3. “It will be the first of at least six trips under SpaceX’s $2.6 billion contract with NASA. Boeing, which was awarded $4.2 billion by the space agency, will perform another unmanned test of its CST-100 Starliner system. Its first trial earlier this year revealed serious software errors.”

    Time to defund Boeing. More money and less progress than the plucky upstart Space X..

    1. exponential risk pay to board a Boeing spacecraft.

    2. “Time to defund Boeing. More money and less progress than the plucky upstart Space X..”

      Not sure how this is funded, but competition tends to focus the mind.

  4. So all of its hitches were left in orbit. NASA wouldn’t have let that happen.

  5. Congrats on repeating an accomplishment from the 1960s. I don’t demean what you’ve done since the US should be a leader. But let’s place this in perspective that no human has been outside low earth orbit for nearly 50 years. Don’t just repeat the moon shot either make a play for Mars or something significant.

    1. I’d be more impressed with Bigelow tourist hotels in orbit.

    2. Speaking of furthering space travel. Evidently a fungus has been found growing around Chernobyl that absorbs/feeds off gamma radiation. A potential material for lining spacecraft from radiation, one of the largest barriers to safe space travel.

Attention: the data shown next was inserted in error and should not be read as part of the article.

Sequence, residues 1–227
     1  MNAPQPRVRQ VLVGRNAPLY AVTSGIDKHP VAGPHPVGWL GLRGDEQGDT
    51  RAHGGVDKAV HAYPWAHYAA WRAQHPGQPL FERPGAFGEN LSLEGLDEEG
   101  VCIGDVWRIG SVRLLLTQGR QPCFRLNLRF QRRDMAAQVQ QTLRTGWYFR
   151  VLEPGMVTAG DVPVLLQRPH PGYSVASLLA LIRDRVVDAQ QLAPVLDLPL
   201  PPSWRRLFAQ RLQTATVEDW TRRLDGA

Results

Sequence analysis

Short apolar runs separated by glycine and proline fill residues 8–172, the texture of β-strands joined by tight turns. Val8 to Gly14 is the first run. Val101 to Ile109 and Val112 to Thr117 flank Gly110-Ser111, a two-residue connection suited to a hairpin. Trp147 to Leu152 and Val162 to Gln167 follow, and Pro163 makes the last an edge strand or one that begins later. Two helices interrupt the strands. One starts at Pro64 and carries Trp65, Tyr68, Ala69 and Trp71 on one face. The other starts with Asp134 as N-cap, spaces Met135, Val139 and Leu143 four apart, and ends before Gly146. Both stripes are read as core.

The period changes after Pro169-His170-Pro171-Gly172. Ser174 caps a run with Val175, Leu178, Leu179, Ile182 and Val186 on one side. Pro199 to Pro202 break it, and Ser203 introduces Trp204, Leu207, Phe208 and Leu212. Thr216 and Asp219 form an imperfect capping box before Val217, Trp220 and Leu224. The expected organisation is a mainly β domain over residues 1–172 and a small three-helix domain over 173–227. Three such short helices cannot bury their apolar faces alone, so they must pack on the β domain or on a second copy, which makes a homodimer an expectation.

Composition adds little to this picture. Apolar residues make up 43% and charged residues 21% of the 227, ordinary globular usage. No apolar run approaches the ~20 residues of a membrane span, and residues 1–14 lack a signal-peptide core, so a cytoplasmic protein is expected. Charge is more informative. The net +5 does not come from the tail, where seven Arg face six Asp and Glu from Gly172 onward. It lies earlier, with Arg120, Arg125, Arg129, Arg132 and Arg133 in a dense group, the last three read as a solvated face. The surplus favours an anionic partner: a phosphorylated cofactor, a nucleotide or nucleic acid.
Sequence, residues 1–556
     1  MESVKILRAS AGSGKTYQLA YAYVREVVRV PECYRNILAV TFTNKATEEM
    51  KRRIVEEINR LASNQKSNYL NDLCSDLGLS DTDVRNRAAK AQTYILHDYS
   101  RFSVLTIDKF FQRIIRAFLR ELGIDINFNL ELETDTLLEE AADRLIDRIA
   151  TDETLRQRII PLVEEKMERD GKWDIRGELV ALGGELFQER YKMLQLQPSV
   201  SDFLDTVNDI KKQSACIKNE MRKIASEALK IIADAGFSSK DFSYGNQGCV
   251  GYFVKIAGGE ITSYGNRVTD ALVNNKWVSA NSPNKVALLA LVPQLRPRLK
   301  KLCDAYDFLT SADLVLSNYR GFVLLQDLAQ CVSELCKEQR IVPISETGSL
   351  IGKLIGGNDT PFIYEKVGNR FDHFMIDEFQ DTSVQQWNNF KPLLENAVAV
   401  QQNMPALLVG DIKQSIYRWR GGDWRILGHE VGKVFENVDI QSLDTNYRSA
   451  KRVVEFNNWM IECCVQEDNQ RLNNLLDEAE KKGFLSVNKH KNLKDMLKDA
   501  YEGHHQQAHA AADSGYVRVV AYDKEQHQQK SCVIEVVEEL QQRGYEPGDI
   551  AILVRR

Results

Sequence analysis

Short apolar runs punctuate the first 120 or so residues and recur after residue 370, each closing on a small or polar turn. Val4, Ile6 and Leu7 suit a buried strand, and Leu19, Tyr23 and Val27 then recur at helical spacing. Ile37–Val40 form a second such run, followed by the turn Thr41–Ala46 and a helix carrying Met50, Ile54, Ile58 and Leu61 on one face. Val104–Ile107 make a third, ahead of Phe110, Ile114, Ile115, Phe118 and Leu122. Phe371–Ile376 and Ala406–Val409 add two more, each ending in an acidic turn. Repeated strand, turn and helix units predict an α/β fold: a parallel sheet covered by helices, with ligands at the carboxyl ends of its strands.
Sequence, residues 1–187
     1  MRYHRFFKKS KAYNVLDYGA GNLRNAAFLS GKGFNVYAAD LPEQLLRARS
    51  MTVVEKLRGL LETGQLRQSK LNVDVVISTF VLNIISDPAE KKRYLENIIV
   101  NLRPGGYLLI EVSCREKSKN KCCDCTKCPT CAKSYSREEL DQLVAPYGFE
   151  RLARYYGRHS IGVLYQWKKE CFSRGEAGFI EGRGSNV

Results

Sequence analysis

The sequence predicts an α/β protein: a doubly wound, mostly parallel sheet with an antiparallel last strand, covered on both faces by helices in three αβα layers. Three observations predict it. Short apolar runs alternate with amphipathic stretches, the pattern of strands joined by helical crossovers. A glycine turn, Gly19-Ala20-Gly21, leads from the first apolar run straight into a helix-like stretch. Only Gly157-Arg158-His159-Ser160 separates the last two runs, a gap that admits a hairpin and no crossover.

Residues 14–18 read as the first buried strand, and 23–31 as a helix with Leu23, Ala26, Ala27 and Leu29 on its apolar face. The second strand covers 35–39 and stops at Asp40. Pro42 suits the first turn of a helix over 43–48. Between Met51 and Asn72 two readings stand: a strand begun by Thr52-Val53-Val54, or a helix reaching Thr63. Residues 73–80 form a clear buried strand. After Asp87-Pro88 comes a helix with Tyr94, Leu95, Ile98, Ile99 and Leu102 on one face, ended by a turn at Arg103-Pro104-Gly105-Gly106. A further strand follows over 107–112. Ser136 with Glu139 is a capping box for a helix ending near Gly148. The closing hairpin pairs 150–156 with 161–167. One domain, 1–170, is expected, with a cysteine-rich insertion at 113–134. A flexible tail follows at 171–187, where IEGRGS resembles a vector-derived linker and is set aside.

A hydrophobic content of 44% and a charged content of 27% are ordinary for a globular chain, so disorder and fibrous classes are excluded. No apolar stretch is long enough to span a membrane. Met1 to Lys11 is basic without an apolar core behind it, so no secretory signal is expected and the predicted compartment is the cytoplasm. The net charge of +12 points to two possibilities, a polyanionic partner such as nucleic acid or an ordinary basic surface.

1. Ha! Wow. Sounds like something Peter F. Hamilton or the game Stellaris would cook up.

        Life might be shit down here in corona-world, but for quantum technology, bio-tech and space exploration enthusiasts like myself, it is an amazing time to be alive. I agree with Musk that people have basically become cyborgs with the rapid advance of smartphone capabilities, information storage and collation, and ubiquitous wireless high-speed data transmission.

        I will admit here that I cheered when the drogue chutes deployed, again when the main chutes deployed, and tears welled in my eyes as I clapped and hollered when they splashed down and were finally extracted.

        The contrast between the ridiculously complex, costly and wasteful nature of NASA projects from the 70’s to 2011 and the incredible accomplishments in savings and efficiency of SpaceX give me this feeling of irresistible joy and optimism.

        Mars, here we come!

    3. no human has been outside low earth orbit for nearly 50 years.

      That’s the most depressing part. Since the moon missions ended we haven’t technically left the Earth’s atmosphere.

  6. (A splashdown is a method of landing a spacecraft by parachuting into a body of water.)

    I guess it’s necessary, but having to explain that makes the 12-year-old me weep.

    1. Welcome to the future. Everyone is ignorant now.

    2. I didn’t mind it. I hadn’t known that it had been so long since a spashdown.

  7. Trump isn’t even mentioned once in this article… I kept reading waiting for the part about Trump. wtf you call this journalism ?

    1. Spooky.